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Work Large writing table or bureau plat
Department of Decorative Arts: 18th century: rococo
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Bureau plat dit «de Choiseul»
© 2008 Musée du Louvre / Studio Sébert
18th century: rococo
This large writing table or "bureau plat", wrongly called 'bureau de Choiseul' for many years, is made up of small japanned panels richly ornamented with gilt-bronze mounts, making it eminently rococo in appearance. It is the work of Jacques Dubois and demonstrates how forms were continually evolving throughout the middle of the eighteenth century. It also reveals the marked taste for luxury materials that then existed.
From the Château du Raincy to the Louvre
At the time of the French Revolution, the bureau was in the Château du Raincy (Seine Saint-Denis) and was owned by Louis-Philippe-Joseph, Duke of Orléans, known as Philippe Égalité (1747-93). The château had been purchased by Philippe Égalité's father, Louis-Philippe, Duke of Orléans (1725-85) in 1768, but the date at which it entered the château is not known. The bureau was confiscated and assigned in 1796 to the Ministry of Justice, where it was known as the 'bureau de Choiseul'. In 1907, it was transferred from the Ministry of Justice to the Louvre. In exchange, the Friends of the Louvre donated a copy of it to the Ministry. The bureau proved to be extremely popular during the nineteenth century, and many imitations were made.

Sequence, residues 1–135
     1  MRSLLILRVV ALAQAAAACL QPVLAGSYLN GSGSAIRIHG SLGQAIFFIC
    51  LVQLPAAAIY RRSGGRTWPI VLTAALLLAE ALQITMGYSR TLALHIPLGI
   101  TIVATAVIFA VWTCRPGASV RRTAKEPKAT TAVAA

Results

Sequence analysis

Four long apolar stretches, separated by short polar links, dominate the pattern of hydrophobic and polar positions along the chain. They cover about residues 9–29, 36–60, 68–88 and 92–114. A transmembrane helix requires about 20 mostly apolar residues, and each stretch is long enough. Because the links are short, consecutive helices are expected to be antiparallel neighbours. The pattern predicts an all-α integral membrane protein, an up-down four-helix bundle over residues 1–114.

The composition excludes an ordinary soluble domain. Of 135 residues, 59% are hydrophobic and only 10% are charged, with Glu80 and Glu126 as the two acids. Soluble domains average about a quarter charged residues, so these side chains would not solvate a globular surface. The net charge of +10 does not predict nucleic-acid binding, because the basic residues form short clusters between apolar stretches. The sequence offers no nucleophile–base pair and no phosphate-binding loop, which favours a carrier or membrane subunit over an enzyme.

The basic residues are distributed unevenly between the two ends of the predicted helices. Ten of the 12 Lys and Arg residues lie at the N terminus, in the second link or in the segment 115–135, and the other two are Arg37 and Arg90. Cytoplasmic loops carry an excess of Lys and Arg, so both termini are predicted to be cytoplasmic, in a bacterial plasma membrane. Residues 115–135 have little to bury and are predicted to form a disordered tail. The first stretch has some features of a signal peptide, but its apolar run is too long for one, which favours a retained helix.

The taste for lacquered furniture
Chinese and Japanese lacquers were very popular during the eighteenth century. The Marchands-Merciers (dealers) of the time would import chests and screens from the Far East to sell, but then they had the idea of breaking them up to salvage the lacquer panels and adapt them to Western furniture. Commodes were embellished in this way, as were bureaux. The dealer would supply the lacquer panels to the cabinetmaker, who then had the task of mounting them on pieces of furniture. In his role as middleman, the dealer himself sold the finished item on to his clients, who often never knew the identity of the cabinetmaker. The lacquer panels were usually held in place with gilt bronzes, which were often very finely chiseled and worked during the rococo period. The areas not ornamented with lacquer were painted with varnish made to imitate it, giving the illusion that the piece of durniture was lacquered all over.
Jacques Dubois' contribution
Jacques Dubois appears to have worked regularly for the Marchands-Merciers, producing several pieces of furniture with a lacquer veneer. The "de Choiseul" bureau marks a development in lacquering technique, since Dubois has overlaid the entire width of the short sides with a japanned panel, placing the gilt bronzes on top, instead of compartmentalizing the panels to fit in with the bronzes, as had previously been the custom. The black-painted decoration on the legs and sides is designed to harmonize with the bronzes. As regards the development of form, the bureau could be said to be continue the régence style, on account of its central, projecting section, still very much in evidence. However, its other features - the curved legs, the intricately chiseled top, and the abundance of bronzes which, in their sheer exuberance, are like a foreshadowing of the fantasies of Art Nouveau - make it totally rococo.
BibliographyL'objet d'art de la saison, n 12, mars 2000.
Alcouffe Daniel, Dion-Tenenbaum Anne, Lefébure Amaury, Le mobilier du musée du Louvre, Dijon, Editions Faton, 1993, pp. 158-161.
Pradère Alexandre, Les ébénistes français de Louis XIV à la Révolution, Paris, Editions Le Chêne, 1989, p. 169.
Bureau plat dit «de Choiseul»
ParisEstampillé : Jacques DUBOIS
Ebène, laque de Chine, bronze doré
H. : 0,82 m. ; L. : 1,86 m. ; Pr. : 1 m.
Provenance : château du RaincyVersement du ministère de la Justice, 1907 , 1907
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